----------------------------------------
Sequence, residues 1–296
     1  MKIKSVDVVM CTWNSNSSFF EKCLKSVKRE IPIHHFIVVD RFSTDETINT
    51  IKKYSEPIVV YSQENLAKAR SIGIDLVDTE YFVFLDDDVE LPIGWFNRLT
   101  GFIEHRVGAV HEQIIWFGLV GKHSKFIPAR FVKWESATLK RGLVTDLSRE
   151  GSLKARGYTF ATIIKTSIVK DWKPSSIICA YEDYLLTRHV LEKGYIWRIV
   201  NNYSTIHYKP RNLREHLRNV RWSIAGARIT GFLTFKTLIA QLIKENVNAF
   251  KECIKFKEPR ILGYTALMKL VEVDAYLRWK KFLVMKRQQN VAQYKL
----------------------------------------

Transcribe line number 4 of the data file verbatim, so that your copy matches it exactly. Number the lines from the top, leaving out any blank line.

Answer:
   101  GFIEHRVGAV HEQIIWFGLV GKHSKFIPAR FVKWESATLK RGLVTDLSRE